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Fukushima J Med Sci. 2003 Jun;49(1):1-13.

Adhesion molecules and CXC chemokines in endotoxin-induced liver injury.

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Department of Internal Medicine II, Fukushima Medical University School of Medicine, Fukushima 960-1295, Japan.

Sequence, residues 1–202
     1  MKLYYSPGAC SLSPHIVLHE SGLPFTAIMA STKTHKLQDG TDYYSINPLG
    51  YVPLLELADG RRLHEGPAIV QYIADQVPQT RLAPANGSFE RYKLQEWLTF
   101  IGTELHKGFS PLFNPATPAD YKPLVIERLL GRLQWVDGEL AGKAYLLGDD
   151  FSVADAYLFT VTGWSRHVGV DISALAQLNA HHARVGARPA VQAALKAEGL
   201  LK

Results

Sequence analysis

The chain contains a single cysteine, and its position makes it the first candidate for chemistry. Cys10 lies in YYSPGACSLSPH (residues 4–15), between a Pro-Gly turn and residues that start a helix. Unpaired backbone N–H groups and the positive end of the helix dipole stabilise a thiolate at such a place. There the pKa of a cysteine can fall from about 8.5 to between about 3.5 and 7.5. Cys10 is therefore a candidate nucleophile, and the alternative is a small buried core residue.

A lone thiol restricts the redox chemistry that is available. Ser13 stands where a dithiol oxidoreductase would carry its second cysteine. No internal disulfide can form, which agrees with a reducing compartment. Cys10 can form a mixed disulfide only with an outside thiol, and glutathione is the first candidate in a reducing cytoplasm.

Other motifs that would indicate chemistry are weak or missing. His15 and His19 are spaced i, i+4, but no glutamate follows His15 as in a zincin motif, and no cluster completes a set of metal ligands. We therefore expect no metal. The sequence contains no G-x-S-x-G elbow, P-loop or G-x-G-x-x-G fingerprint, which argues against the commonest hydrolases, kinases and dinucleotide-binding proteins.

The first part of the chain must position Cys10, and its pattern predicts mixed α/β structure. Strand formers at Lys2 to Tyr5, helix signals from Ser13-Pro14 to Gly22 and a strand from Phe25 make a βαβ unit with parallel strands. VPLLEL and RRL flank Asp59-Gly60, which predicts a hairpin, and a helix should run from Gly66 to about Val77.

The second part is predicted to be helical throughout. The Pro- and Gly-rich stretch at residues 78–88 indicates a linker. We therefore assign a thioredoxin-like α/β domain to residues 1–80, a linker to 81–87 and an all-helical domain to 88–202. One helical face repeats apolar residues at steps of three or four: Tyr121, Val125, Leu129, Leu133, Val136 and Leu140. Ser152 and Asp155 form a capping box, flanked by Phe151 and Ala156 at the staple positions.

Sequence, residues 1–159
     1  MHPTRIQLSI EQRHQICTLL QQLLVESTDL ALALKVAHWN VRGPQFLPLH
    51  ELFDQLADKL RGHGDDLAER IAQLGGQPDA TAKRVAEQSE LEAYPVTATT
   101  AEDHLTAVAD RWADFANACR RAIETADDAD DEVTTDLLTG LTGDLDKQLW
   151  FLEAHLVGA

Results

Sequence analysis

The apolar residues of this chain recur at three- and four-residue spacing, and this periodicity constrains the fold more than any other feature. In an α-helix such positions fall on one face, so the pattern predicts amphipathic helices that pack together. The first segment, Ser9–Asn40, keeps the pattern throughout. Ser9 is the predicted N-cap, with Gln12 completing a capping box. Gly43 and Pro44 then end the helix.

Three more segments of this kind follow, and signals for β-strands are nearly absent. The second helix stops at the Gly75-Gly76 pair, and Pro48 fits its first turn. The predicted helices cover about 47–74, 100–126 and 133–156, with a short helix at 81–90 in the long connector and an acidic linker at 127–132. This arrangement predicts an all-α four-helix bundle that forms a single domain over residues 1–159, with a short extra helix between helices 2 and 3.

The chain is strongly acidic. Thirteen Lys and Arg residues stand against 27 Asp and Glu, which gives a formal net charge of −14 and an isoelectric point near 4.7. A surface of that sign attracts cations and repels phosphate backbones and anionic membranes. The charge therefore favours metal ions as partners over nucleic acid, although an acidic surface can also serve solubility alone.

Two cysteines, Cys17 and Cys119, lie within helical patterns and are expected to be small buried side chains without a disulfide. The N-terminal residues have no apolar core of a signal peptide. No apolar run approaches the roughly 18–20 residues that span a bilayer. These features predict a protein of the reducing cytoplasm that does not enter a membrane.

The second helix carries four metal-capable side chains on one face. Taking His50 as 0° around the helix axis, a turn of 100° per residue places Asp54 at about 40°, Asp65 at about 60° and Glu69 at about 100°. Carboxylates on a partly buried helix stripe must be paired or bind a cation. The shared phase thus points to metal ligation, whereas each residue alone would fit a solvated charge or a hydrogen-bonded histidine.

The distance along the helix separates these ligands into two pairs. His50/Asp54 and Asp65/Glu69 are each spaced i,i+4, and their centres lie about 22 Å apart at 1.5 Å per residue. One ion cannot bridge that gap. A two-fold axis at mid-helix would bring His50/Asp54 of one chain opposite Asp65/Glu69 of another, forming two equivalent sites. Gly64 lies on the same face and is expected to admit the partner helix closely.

Interactions between leukocytes and sinusoidal endothelial cells are known to be involved in the pathogenesis of acute liver injury. Various adhesion molecules and chemokines play key roles in these cell-to-cell interactions, and the expression of these adhesion molecules and the production of chemokines are regulated by inflammatory cytokines such as tumor necrosis factor-alpha (TNF-alpha), interleukin-1 (IL-1), and interferon-gamma (IFN-gamma). We have shown that the expression of intercellular adhesion molecule-1 (ICAM-1) on cultured rat sinusoidal endothelial cells stimulated with TNF-alpha increases in a dose-dependent manner. The number of neutrophils that adhered to sinusoidal endothelial cells pretreated with TNF-alpha also increased in a dose-dependent manner and significantly decreased upon incubation with an anti-ICAM-1 antibody. In endotoxin-induced rat liver injury, the number of neutrophils infiltrating the sinusoids increased after serum TNF-alpha, macrophage inflammatory protein-2 (MIP-2) and cytokine-induced neutrophil chemoattractant (CINC) reached their peak levels. In addition, the level of ICAM-1 expression on sinusoidal endothelial cells greatly increased from 8 h after exposure to endotoxin, and these cells were adhered to neutrophils that expressed both LFA-1 and Mac-1. Moreover, lipo-prostaglandin E1 (PGE1) reduced the extent of liver injury, and also reduced the number of neutrophils that infiltrated the liver, was reduced the production of MIP-2 and CINC, but not that of TNF-alpha, in rats injected with endotoxin.

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